Last week, the University of Minnesota threatened to discipline nine students for taking part in a noisy protest at Coffman student union in March.

Now, more than 20 faculty members are demanding that they, too, be disciplined, in a show of solidarity.

Organizers have been collecting signatures on what they jokingly call an “I’m Spartacus” letter, daring administrators to treat them just like the students who took part in the March 12 demonstration. The students were accused of violating the student code of conduct, and told they could face expulsion or other penalties, for disrupting a ribbon-cutting ceremony on a newly-renovated floor of the student union.

David Pellow, a sociology professor, said he was so indignant about the disciplinary threats that he sent his own letter to U administrators, declaring that he would have taken part in the protest himself, had he known about it. “I would like to be sanctioned as well,” he wrote. “In fact, I demand a sanction.”

Pellow said he was inspired by one of his graduate students, Rahsaan Mahadeo, who decided to come forward when he learned that some of the protesters had received disciplinary letters on April 29. The next day, Mahadeo notified the U that he, too, had taken part in the demonstration and wanted the same treatment as the others.

The university obliged, sending him a disciplinary letter May 2. Ironically, the day before, he was awarded the university’s Outstanding Community Service Award for his volunteer work with inner-city youth groups.

Teri Caraway, an associate professor of political science, said about 20 faculty members have signed an e-mail petition, which she calls “the I am Spartacus letter.” It’s an allusion to a famous scene in the 1960 film “Spartacus,” when a Roman overlord demands to know who in a crowd of slaves is the rebel leader. When Spartacus, played by Kirk Douglas, rises to identify himself, a chorus of other men stand and shout: “I’m Spartacus.”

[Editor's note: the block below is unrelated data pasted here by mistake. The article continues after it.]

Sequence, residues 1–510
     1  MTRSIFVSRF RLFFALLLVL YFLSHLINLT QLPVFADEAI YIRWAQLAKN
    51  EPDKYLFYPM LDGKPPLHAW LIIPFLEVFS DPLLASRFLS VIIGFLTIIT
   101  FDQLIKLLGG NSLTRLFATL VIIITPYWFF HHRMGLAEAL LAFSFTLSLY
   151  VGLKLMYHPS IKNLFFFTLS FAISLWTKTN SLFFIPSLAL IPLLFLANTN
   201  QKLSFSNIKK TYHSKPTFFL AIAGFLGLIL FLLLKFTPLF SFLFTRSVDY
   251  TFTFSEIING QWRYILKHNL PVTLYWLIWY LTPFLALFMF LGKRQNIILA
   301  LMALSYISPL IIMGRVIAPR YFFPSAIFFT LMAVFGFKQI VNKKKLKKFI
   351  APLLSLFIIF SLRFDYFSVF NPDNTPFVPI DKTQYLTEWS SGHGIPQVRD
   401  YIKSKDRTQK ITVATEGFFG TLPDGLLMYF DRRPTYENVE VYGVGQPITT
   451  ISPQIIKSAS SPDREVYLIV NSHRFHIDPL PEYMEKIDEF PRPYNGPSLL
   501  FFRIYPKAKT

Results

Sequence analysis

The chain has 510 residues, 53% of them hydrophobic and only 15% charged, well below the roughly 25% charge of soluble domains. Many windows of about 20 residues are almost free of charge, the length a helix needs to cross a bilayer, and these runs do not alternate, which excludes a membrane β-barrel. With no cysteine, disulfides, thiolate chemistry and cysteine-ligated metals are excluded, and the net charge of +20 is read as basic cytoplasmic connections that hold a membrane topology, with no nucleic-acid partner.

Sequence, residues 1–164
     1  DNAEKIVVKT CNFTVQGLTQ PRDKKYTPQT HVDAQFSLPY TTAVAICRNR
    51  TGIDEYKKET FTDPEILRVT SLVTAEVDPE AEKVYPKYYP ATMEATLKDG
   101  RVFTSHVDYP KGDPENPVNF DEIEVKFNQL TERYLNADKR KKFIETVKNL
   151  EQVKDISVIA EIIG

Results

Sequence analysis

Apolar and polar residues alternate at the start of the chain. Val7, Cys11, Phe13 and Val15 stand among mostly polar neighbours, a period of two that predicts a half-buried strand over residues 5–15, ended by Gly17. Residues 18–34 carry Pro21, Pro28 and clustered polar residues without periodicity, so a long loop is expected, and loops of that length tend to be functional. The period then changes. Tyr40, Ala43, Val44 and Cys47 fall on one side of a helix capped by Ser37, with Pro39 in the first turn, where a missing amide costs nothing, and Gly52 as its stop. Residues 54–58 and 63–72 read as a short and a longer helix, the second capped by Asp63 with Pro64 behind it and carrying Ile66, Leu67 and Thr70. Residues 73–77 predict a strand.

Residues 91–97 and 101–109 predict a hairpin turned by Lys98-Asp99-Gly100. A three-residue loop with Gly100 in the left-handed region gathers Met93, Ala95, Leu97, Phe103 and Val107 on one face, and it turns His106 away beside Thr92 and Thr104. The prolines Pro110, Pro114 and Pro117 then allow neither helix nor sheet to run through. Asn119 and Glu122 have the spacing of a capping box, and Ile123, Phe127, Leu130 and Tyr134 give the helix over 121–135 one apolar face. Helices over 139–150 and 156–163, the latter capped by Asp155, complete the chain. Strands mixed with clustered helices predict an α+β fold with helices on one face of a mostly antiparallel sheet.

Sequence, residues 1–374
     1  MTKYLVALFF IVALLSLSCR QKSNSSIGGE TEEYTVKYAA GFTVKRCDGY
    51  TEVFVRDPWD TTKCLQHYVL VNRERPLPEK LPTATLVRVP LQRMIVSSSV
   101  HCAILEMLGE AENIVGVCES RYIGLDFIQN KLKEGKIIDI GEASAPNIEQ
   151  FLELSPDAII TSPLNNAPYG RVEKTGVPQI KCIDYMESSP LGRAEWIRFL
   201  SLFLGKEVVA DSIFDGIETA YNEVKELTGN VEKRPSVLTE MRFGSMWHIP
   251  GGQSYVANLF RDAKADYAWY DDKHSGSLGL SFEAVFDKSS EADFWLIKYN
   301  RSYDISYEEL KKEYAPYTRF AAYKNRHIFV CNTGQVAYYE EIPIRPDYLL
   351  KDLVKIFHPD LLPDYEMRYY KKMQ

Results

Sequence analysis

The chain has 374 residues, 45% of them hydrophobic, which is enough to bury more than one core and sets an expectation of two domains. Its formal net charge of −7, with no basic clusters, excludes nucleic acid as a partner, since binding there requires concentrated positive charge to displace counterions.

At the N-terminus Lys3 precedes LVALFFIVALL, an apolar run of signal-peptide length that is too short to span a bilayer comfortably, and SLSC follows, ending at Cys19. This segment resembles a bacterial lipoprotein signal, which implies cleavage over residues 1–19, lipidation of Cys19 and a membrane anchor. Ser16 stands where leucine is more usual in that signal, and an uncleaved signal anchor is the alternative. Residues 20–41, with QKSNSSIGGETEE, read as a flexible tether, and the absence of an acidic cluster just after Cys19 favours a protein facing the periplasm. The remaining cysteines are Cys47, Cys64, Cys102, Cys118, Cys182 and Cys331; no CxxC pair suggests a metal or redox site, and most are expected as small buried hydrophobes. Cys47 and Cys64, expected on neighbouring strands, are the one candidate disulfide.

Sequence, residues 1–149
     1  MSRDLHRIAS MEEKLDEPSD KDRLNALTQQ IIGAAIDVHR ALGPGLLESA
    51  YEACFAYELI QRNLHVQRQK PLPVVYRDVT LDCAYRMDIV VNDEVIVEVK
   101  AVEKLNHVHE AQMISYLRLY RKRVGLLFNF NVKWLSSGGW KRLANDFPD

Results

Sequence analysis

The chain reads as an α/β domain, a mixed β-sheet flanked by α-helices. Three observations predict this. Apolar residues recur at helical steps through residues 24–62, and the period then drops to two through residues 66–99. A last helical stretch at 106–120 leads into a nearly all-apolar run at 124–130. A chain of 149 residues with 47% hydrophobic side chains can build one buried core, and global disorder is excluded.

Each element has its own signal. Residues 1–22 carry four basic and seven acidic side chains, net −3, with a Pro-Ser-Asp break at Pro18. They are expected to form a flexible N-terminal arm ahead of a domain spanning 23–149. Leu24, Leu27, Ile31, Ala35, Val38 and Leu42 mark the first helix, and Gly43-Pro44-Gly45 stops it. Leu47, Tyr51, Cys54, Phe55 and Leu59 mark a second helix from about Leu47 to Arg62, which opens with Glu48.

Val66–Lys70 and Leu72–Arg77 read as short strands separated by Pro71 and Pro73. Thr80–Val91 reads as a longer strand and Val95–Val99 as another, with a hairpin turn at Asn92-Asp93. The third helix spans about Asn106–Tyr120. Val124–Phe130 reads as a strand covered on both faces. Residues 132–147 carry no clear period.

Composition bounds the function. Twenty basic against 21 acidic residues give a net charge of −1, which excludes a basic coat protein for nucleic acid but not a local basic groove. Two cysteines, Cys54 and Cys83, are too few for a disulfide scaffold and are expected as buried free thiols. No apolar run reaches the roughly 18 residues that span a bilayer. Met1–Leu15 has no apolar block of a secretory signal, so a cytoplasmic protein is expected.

“We hope that the students will not be punished,” said Caraway. “They were peacefully protesting, and it seems unjust for them to face disciplinary action for doing that.”

Mahadeo, 32, a doctoral candidate in sociology, said he wasn’t trying to start a movement, but saw it as a matter of personal integrity. “I was troubled that I didn’t receive a letter myself,” he said, and would have felt guilty if his friends had faced sanctions. The demonstrators, he noted, were part of a group called Whose Diversity?, which opposed the renovation at Coffman because they felt it shortchanged the minority student groups headquartered there.

Diversity v. discipline

Danita Brown Young, the vice provost and dean of students, admits that “this was a first for us, that we actually had a student contact us and say, ‘Please charge us.’ ” But she said the university is following its procedures, which require it to investigate complaints of student code violations, and that no disciplinary action has been taken at this point.

At the same time, she said that she’s aware that some faculty members have raised concerns. “I think it’s absolutely clear that people have an interest in diversity issues, that they are supportive of students, and they’re trying to understand our process at it relates to the student code of conduct,” she said.

‘Far gutsier’

Pellow said that he decided to follow up with his own “discipline me” letter to drive home his objections. “Even though it may come across as sounding like a prank, I wrote it because I take the issue of diversity in higher education and society very seriously,” he said. At the same time, he noted that Mahadeo’s actions were “far gutsier,” than those of any faculty member, because he could face possible sanctions. “As a tenured faculty, I doubt I would face the possibility of expulsion, let’s put it that way.”

Bruce Nestor, a Minneapolis lawyer who’s representing eight of the protesters, said he’s unsure if the faculty letters will have any impact on the cases. But he said they show that the students aren’t alone in objecting to how they were treated. “I think it reflects that people feel that the use of this disciplinary process, to respond to students who are raising issues about how the university is run, isn’t a proper response.”